Quick .reduce() Question

I was trying to use a different methods in the secretMessage exercise, but I can’t wrap my brain around the different results when adding a simple , ‘’ to the end of the my return-

const animals = [‘Hen’, ‘elephant’, ‘llama’, ‘leopard’, ‘ostrich’, ‘Whale’, ‘octopus’, ‘rabbit’, ‘lion’, ‘dog’];

const secretMessage = animals.reduce((accumulator, x ) => accumulator + x[0]);

console.log(secretMessage); //Outputs: HenelloWorld

Now we add , ‘’ to the end, and we get the desired result with the correct message.

const secretMessage = animals.reduce((accumulator, x ) => accumulator + x[0] , ‘’);

console.log(secretMessage); //Outputs: HelloWorld

So what about the additional , ‘’ corrects this issue?

Thanks!

Hi there and welcome to the forums!
From reading the .reduce documentation, we get this syntax:

array .reduce( function(total, currentValue, currentIndex, arr), initialValue )

Here we can see that the .reduce method can actually take two arguments, the function to iterate with, and the initial value to use. The initial value is optional hence why the iterator does work without it in the first attempt, however the method needs some initial value to be able to carry out the first calculation. Therefore it defaults to taking the first element on its own as the initial value, and starting with the second method. So the first calculation of the two attempts are as follows.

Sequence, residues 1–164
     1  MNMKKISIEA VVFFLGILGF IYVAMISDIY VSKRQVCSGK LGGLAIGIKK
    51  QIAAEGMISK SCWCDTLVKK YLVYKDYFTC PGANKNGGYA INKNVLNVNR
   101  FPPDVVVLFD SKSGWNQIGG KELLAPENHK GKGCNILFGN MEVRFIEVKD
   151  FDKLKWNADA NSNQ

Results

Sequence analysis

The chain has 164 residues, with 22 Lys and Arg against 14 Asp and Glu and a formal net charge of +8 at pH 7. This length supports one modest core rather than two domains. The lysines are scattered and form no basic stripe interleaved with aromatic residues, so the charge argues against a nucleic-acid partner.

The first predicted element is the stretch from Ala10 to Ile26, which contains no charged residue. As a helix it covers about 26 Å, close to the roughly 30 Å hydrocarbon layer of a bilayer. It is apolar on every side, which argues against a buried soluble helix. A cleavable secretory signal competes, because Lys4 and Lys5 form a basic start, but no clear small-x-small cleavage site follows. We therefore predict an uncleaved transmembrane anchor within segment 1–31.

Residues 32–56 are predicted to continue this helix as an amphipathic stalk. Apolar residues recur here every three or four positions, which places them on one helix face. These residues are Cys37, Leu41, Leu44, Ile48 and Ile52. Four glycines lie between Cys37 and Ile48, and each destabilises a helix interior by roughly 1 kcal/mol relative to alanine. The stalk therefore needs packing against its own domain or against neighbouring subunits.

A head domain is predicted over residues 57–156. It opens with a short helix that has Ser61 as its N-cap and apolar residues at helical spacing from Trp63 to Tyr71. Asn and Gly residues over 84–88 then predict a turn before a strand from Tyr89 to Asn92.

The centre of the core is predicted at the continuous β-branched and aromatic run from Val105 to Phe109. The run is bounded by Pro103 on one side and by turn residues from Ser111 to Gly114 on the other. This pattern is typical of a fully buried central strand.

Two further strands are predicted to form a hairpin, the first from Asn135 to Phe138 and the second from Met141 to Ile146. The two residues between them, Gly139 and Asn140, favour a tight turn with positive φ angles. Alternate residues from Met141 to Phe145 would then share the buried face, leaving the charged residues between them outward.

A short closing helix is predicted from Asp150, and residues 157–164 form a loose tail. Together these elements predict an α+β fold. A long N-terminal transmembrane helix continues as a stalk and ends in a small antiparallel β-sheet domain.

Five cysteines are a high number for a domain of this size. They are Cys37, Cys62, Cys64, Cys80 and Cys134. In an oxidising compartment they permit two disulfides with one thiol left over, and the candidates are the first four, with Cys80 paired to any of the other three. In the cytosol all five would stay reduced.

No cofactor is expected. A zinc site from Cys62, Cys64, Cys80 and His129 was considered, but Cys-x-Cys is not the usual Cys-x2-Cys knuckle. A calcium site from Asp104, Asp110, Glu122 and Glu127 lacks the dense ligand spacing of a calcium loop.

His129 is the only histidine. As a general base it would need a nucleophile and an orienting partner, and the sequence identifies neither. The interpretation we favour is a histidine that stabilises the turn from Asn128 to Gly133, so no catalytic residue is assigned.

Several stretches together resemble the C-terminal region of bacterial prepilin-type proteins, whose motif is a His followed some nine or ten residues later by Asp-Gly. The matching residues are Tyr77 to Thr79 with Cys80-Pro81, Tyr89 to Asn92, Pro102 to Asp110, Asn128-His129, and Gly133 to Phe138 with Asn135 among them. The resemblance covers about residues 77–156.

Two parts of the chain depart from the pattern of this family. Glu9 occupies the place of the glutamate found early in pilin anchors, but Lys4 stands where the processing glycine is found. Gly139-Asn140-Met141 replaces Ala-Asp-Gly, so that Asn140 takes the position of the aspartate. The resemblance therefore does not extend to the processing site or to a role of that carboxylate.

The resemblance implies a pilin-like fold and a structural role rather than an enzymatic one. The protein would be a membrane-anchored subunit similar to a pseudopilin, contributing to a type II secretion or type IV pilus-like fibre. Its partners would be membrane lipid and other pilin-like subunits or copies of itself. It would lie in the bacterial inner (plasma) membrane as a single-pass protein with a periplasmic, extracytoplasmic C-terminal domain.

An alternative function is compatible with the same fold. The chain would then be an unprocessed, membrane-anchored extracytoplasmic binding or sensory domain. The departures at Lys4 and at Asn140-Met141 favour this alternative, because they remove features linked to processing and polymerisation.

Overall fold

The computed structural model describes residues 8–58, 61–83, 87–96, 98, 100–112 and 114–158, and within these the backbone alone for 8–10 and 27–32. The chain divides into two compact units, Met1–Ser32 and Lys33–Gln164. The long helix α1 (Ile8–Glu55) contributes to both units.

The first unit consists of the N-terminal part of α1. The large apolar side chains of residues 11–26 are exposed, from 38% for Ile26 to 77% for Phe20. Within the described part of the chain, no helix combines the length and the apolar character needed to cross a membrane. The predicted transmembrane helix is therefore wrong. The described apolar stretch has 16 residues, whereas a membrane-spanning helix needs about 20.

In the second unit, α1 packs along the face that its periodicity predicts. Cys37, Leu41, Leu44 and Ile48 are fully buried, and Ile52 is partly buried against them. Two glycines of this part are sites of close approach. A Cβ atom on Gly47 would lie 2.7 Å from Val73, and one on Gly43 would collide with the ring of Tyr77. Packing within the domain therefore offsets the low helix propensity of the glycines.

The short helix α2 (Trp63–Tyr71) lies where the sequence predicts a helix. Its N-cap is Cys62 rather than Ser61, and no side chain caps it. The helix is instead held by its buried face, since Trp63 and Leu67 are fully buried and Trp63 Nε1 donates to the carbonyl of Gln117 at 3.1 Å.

// calculation 1 without initial value
accumulator + x[0]
"Hen" + e
"Hene"

/// calculation 1 with initial value
accumulator + x[0]
"" + "H"
"H"

Hence why in this case you need to specify the initial value. Hopefully this makes sense.

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Ahhhh, yes the definition makes a lot more sense now. Just needed to see an example of it in action! Very well explained, thank you sir!!

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It’s a good tip for future debugging, think about what you expect it to do, and then try to follow through the steps of what is actually happening inside the code! Don’t be afraid to put console.log() statements everywhere to identify it. For example here I’d recommend adding a console.log(accumulator) into the reduce, and then you would spot that the very first one was taking “Hen”. Debugging is half the battle!

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